• remove from device tree redundant devices or set their status to disabled
  • avoid calibration of loop delay by presetting the value to kernel command line lpj=1990656
  • turn off console output by setting quiet option to command line or disabling  completely printk, which also significantly reduces the kernel size
  • benchmark compressed versus non-compressed Kernel, on our board the decompression went faster than loading an uncompressed image



We enabled falcon-mode to bypass u-boot and focused only on optimizing SPL startup: See our Article about how to enable falcon mode

We disabled in SPL all features that are not required for production such as Networking, USB, YModem, Environment, EFI and Filesystems support:


As we disabled Filesystems support to have less overhead, Boot-Rom code is loading SPL from Raw MMC partition using specific offsets.

We aslo avoided slow bus initialization such as I2C, for example in the board file we removed the code responsible for board detection using I2C/EEPROM and hard-coded the board type to beaglebone black:

index 48c139a..18c7942 100644
--- a/board/ti/am335x/board.h
+++ b/board/ti/am335x/board.h
@@ -26,27 +26,27 @@
 static inline int board_is_bone(void)
-       return board_ti_is("A335BONE");
+       return 0;
 static inline int board_is_bone_lt(void)
-       return board_ti_is("A335BNLT");
+       return 1;
 static inline int board_is_bbg1(void)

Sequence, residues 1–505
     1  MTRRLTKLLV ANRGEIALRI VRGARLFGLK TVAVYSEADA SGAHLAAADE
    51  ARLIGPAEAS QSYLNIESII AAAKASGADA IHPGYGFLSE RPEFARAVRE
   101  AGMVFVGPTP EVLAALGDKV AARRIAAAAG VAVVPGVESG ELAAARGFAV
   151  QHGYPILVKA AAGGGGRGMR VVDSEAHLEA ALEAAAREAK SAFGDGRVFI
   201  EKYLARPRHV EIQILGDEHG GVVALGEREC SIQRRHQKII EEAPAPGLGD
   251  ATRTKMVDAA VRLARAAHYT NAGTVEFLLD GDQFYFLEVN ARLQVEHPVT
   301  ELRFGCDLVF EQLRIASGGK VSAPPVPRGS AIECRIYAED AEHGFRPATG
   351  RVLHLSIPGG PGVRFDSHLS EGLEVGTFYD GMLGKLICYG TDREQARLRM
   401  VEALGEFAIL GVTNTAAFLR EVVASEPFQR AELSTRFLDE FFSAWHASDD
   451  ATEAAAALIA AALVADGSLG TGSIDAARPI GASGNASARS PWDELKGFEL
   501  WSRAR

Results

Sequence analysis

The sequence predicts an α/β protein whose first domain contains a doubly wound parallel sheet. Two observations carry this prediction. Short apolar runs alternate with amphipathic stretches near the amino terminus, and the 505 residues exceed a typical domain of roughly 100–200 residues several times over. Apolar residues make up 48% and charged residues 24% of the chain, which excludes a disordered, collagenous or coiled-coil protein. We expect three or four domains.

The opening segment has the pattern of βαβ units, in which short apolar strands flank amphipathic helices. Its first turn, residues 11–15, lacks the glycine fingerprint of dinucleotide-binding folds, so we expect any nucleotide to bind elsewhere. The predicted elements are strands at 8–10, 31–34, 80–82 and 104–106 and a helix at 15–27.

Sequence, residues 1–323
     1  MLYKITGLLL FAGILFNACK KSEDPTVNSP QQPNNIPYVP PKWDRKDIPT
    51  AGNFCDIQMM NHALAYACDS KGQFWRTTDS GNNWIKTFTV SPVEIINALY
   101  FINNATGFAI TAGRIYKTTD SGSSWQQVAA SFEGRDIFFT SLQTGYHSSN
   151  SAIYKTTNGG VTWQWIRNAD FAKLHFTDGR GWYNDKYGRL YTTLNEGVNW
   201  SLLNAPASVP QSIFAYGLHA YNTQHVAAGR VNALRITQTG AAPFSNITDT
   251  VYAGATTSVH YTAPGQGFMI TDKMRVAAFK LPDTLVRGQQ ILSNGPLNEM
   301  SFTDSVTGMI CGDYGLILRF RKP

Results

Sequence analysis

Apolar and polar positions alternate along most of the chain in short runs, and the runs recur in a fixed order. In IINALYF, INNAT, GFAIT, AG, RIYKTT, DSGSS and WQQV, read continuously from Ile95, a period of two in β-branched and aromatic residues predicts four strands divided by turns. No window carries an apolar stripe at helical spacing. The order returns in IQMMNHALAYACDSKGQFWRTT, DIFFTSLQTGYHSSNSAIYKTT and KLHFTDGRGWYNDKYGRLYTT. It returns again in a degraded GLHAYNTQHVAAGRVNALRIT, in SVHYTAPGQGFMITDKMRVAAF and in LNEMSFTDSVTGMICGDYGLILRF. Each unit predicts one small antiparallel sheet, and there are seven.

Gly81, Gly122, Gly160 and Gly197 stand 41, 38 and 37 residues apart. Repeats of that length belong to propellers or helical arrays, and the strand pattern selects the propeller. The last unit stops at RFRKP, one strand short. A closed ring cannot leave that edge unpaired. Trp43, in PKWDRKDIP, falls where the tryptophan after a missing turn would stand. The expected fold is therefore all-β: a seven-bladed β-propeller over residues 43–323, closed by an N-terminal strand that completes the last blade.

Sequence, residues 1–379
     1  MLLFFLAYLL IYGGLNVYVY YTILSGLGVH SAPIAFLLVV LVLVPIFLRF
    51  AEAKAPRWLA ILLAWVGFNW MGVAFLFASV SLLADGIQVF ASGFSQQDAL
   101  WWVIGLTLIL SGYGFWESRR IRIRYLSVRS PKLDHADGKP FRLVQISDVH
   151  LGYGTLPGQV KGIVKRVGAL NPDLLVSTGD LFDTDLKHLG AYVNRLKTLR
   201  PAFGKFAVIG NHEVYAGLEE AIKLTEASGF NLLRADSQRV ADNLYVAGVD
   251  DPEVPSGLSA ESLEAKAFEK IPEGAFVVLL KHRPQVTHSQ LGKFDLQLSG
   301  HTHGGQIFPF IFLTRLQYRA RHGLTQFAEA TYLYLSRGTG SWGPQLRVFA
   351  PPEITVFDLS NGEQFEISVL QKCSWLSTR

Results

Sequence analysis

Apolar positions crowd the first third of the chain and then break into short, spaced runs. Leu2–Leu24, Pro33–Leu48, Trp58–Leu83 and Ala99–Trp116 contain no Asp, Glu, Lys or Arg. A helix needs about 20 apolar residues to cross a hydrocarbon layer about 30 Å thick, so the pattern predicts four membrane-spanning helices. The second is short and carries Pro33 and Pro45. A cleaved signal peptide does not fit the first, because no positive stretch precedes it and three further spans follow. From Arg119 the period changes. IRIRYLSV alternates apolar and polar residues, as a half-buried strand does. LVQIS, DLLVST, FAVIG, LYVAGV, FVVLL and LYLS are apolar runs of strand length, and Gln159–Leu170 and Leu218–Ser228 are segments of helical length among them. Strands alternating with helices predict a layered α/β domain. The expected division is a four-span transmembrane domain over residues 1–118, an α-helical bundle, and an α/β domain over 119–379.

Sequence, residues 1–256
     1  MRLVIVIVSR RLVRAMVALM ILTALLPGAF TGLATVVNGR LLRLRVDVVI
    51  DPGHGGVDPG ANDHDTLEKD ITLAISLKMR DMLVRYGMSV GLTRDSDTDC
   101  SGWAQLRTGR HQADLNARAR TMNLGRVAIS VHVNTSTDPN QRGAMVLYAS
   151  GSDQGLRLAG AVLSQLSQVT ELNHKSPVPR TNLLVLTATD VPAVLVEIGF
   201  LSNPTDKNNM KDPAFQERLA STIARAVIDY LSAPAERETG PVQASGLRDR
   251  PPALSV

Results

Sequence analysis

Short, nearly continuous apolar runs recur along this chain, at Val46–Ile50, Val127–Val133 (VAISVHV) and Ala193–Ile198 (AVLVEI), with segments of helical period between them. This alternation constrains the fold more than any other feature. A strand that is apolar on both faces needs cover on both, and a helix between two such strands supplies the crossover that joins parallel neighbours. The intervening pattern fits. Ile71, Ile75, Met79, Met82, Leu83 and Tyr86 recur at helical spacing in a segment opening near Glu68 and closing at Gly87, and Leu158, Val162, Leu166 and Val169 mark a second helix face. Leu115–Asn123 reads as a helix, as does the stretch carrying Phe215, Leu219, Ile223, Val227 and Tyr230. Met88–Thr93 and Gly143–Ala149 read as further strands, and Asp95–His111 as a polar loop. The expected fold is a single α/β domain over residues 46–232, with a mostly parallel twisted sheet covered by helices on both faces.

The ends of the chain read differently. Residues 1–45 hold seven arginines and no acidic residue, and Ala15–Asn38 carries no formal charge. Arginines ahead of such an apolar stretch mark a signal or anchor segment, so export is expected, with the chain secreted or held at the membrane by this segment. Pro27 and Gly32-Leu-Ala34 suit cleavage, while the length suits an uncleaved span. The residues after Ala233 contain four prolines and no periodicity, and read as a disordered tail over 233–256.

-       return board_is_bone_lt() && !strncmp(board_ti_get_rev(), "BBG1", 4);
+       return 0;
 static inline int board_is_evm_sk(void)
-       return board_ti_is("A335X_SK");
+       return 0;
 static inline int board_is_idk(void)
-       return !strncmp(board_ti_get_config(), "SKU#02", 6);
+       return 0;
 static inline int board_is_gp_evm(void)
@@ -56,13 +56,12 @@ static inline int board_is_gp_evm(void)
 static inline int board_is_evm_15_or_later(void)
-       return (board_is_gp_evm() &&
-               strncmp("1.5", board_ti_get_rev(), 3) <= 0);
+       return 0;
 static inline int board_is_icev2(void)
-       return board_ti_is("A335_ICE") && !strncmp("2", board_ti_get_rev(), 1);
+       return 0;

All changes made for SPL can be found here.



Last but not least, hardware settings can have an impact on boot time. For example the Boot Rom may lose precious time by trying to fetch software from wrong media if the bootstrap pins configuration is not correctly set .

On our board, we also noticed that boot up from internal eMMC configured in SLC Mode is a bit faster than default MLC mode configuration, and even faster than using a fast SD-Card(Class 10).



we succeeded in reducing the boot time from 12 second to one second with optimizing different components of the software. The startup time could be further shortened but at cost of the system flexibility.